Treatment at Mayo Clinic

By Mayo Clinic Staff


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Mayo Clinic doctors trained in blood vessel interventions and surgery (vascular and endovascular surgeons) and blood vessel conditions (vascular specialists) treat people with popliteal artery aneurysms.

Doctors will work with you to determine the most appropriate treatment for your condition. Your treatment may include several options, depending on the condition of your arteries, your overall health, your symptoms, the size of the aneurysm and other factors.

Doctors may recommend endovascular intervention or open surgery to repair the popliteal artery aneurysm to help prevent potentially dangerous health issues and complications, including the aneurysm blocking blood flow to your leg, a blood clot breaking off from the aneurysm and other complications. Your doctor will discuss with you the risks and benefits of each procedure.

If you have blood clots and blocked blood flow to your leg due to a popliteal artery aneurysm, doctors may give you medications during open surgery or through the catheter in an endovascular intervention to dissolve the blood clot before placing a stent graft. After you have been diagnosed with blood clots or blocked blood flow, your doctor may prescribe blood-thinning medications to take until your surgery.

Treatments for popliteal artery aneurysm include:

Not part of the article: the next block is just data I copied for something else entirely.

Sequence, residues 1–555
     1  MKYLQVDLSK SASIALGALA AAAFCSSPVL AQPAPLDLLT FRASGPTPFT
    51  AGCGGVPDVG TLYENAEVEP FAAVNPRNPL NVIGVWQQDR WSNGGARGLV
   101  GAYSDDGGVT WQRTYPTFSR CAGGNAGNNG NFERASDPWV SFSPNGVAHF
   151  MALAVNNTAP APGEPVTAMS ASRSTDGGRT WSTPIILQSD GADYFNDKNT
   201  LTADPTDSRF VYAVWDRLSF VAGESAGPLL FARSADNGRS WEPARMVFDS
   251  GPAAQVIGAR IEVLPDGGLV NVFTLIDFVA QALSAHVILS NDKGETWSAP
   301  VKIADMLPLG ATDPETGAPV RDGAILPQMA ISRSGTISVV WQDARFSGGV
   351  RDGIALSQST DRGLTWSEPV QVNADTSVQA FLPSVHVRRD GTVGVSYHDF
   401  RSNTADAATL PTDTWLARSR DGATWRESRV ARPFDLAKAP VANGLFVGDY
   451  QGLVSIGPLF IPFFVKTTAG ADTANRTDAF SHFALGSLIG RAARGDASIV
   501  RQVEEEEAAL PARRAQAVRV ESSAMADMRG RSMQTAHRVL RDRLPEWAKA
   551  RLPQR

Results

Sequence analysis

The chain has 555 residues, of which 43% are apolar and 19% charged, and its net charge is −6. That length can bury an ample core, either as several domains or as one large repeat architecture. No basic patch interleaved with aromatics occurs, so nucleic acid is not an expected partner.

• Endovascular intervention. In this procedure, which is less invasive than open surgery, your doctor inserts a long, flexible tube (catheter) into an artery either through a small incision in your groin or through the skin and threads the catheter to the aneurysm using X-ray imaging.

    Your doctor inserts an artificial tube (stent graft) through the catheter into the affected area and expands it against the walls of the artery. This helps to prevent the risk of a blood clot moving to and blocking the leg arteries, prevents rupture of the aneurysm, and avoids blockage of the knee artery.

    People who have endovascular intervention usually have a quicker recovery and shorter hospital stays compared with open surgery.

  • Open surgery. In open surgery, your surgeon cuts the skin and tissue to reach the aneurysm directly.

    In one approach, surgeons create a detour around the aneurysm by placing veins from another part of your body (vein grafts) around the affected area.

    In another approach, surgeons place an artificial tube (prosthetic graft) in the affected area, approaching your aneurysm from behind the knee.

    During surgery to bypass the aneurysm with a vein or prosthetic artery, surgeons open the sac of the aneurysm, remove the blood clot and suture together the opposing walls to prevent recurrence or continuing compression to the surrounding blood vessels. Surgery keeps the aneurysm from entering your blood circulation and possibly rupturing.

  • Monitoring. If your aneurysm is small and you aren't experiencing symptoms, doctors may monitor your condition regularly with follow-up appointments and ultrasounds.

    After open or endovascular surgery, your doctor will continue to monitor your condition regularly with follow-up appointments and imaging tests.

May 05, 2014